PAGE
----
This title should have brought great comfort to the persecuted church in Smyrna. Jesus is reminding them here that He was persecuted to death, but now He is alive forevermore, and that as long as they trust in Him, even though they are persecuted, and may even be put to death, they have no reason to fear because He has overcome death and lives forevermore.

Jesus tells them that He knows their tribulation and their poverty, but that they are really rich. The word translated tribulation here is the Greek word thlípsis, and it means “to crush, press, compress, squeeze, [or] break.” 3 These people were being crushed, squeezed, and compressed to the point of breaking for their faithfulness to Jesus. As I mentioned above, Smyrna was the center for emperor worship, and as part of this emperor worship every citizen was required once a year to bow down and declare, “Caesar is lord.” Since the Christians would not and could not do this the persecution against them increased to the point that they were losing their property, their jobs, their families, and even their lives. Polycarp, who was a pupil of the apostle John, and the bishop of Smyrna, was martyred in 156 A.D. when he refused to deny Christ and bow to Caesar. His last words were, “Eighty-six years I have been His servant, and He has done me no wrong. How can I blaspheme my King who saved me?” and then they burned him at the stake. This is the persecution that was being experienced by the church at Smyrna.

The word poverty here is the Greek word ptōcheía, which means not just to be poor, but refers to someone who is in “abject poverty, possessing absolutely nothing.” 4 Dr Zodhiates says this word “indicates complete helplessness.” 5 And Dr. Vine defines the word as “destitution.” 6 The use of this word here tells us a lot about the church in Smyrna; these people had absolutely nothing. They had lost everything because of their faith in Jesus. They were not just poor; they were completely helpless and destitute.

Jesus told them that He knew their poverty, but He said that they were really rich. What Jesus is saying is that even though you may be poor in this life, you are actually rich in what really matters - the grace of God. And even if the persecution they were suffering resulted in their death they would be better off because they had Heaven to gain. This is a great paradox of the Bible; those who have the riches of heaven often are the poorest in the things of this world, as we can see in the letter of James:
Listen, my beloved brethren: did not God choose the poor of this world to be rich in faith and heirs of the kingdom which He promised to those who love Him?
Revelation 2:5
Warren Wiersbe says of this passage:

[T]hey were rich! They lived for eternal values that would never change, riches that could never be taken away… In fact, their suffering for Christ only increased their riches.” 7
The church at Smyrna was suffering severe persecution and poverty, but they were not being asked to endure anything that Jesus had not already endured for them (and us), and to comfort them look at how He addressed this church, He said that He was dead and has come to life. In other words, Jesus knows what they are suffering at the hands of the world, but He has overcome the world, and because He died but is now alive, so can they.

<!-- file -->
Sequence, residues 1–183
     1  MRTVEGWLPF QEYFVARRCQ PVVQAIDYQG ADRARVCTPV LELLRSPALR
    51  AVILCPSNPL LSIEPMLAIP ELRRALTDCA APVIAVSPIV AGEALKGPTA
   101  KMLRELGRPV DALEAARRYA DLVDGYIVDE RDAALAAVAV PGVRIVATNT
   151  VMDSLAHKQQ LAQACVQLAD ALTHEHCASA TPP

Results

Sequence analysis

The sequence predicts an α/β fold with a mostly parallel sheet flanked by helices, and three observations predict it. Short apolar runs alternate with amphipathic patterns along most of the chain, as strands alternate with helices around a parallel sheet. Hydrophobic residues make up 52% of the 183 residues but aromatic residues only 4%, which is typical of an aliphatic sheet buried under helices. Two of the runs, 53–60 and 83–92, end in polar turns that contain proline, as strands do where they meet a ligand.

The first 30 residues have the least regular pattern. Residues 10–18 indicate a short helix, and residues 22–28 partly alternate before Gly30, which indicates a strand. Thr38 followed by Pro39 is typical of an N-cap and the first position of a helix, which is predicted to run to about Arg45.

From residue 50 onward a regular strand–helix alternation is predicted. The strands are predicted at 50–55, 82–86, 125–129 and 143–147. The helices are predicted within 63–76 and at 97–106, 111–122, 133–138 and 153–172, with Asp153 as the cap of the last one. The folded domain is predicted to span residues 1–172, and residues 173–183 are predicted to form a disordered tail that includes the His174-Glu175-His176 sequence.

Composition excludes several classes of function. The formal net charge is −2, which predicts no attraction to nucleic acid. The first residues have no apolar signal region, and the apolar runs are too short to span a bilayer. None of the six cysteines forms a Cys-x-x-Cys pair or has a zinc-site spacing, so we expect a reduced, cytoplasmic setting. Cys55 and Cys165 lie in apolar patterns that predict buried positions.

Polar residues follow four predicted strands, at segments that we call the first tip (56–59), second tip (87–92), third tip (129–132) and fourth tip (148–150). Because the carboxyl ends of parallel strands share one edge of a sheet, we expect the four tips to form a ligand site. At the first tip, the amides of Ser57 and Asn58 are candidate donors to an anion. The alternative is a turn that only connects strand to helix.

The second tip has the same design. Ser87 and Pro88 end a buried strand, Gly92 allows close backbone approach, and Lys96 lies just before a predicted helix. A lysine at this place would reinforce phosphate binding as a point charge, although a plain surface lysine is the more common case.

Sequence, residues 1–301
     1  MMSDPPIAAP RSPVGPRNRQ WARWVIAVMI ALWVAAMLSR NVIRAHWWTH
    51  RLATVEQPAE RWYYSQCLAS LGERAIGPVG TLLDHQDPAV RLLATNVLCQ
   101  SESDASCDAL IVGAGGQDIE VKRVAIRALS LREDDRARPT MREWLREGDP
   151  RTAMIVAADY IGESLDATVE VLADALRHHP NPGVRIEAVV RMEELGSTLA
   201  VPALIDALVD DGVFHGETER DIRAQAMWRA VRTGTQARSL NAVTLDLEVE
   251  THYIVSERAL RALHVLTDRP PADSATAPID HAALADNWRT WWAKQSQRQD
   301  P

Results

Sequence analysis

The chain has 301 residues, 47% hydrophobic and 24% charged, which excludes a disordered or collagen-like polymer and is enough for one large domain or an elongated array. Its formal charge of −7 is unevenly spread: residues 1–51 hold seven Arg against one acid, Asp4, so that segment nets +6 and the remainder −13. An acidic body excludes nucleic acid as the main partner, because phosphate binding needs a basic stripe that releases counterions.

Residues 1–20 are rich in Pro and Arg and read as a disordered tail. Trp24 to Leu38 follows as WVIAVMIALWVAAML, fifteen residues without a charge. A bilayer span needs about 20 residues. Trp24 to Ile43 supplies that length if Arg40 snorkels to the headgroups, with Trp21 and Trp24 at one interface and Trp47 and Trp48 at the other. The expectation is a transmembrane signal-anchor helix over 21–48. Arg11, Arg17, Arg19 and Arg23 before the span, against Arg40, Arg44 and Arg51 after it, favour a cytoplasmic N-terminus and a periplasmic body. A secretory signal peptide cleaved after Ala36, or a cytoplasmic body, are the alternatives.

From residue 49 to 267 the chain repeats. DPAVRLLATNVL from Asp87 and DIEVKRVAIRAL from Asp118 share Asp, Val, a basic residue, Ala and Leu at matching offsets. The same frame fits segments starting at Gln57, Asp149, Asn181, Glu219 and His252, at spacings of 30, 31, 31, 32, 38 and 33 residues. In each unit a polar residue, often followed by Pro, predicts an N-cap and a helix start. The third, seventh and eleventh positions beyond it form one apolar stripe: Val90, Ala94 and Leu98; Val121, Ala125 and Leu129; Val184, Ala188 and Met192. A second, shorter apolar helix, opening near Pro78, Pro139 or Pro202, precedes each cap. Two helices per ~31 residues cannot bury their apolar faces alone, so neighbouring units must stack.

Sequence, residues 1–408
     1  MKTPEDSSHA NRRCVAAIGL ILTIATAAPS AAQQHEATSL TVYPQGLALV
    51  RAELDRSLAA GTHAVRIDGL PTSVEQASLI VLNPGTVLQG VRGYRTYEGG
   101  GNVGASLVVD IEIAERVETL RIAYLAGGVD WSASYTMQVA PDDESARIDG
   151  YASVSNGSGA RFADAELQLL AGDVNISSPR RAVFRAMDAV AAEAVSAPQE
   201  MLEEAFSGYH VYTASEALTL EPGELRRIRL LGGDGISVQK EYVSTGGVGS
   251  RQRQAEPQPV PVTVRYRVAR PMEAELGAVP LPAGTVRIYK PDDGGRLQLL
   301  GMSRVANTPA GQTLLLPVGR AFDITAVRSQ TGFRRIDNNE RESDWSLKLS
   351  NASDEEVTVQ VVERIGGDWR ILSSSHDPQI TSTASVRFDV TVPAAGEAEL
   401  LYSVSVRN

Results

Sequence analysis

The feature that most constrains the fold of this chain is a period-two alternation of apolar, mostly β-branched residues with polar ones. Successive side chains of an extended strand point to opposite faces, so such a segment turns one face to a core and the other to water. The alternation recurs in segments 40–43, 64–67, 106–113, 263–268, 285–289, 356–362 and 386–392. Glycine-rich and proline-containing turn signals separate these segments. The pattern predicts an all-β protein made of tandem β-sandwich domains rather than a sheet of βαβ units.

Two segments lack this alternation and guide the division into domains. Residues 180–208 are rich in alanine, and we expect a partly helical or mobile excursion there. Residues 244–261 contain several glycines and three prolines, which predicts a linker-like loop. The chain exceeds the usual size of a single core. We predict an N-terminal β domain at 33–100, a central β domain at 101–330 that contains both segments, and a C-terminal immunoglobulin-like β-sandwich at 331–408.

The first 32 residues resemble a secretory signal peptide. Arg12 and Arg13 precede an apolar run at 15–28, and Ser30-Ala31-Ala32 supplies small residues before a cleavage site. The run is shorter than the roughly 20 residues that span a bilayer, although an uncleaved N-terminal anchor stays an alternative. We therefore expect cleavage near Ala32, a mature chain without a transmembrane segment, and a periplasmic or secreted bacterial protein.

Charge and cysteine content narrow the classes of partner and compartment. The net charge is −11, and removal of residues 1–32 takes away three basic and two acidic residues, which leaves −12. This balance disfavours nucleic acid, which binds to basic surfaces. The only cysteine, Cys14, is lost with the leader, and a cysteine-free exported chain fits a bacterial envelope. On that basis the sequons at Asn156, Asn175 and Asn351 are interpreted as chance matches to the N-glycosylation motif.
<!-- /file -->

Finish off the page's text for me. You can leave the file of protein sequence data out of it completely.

But not only were the Christians in Smyrna being persecuted by the government, they were also being persecuted by the local Jewish population. Notice in verse nine Jesus says He knows, “the blasphemy by those who say they are Jews and are not, but are a synagogue of Satan.”

There was a large Jewish community in Smyrna, and since the Roman government accepted the Jewish religion the Jews were exempted from emperor worship. But the Jews did not accept the Christians any more than the Romans did, so both the Jews and Gentiles were attacking the church. John MacArthur points out here that Jesus called the Jews a “synagogue of Satan” because:
[T]hose Jews who hated and rejected Jesus Christ were just as much Satan’s followers as pagan idol worshipers.”8
Jesus calls what the Jews were doing “blasphemy.” The word translated blasphemy is the Greek word blasphēmía, which means:
[V]erbal abuse against someone which denotes the very worst type of slander… with false witnesses; wounding someone’s reputation by evil reports, evil speaking.”9
This is exactly what the Jews of Smyrna were doing to the Christians there, John MacArthur says that the Jews:
[C]ommonly accused Christians of cannibalism (based on a misunderstanding of the Lord’s Supper), immorality (based on a perversion of the holy kiss with which believers greeted each other), breaking up homes (when one spouse became a Christian and the other did not, it often caused conflict), atheism (because, … Christians rejected the pagan pantheon of deities), and political disloyalty and rebellion (because Christians refused to offer the required sacrifices to the emperor). Hoping to destroy the Christian faith, some of Smyrna’s wealthy, influential Jews reported these blasphemous, false allegations to the Romans. These haters of the gospel were a synagogue of Satan, meaning they assembled to plan their attack on the church, thus doing Satan’s will. They may have claimed to be a synagogue of God, but they were just the opposite.10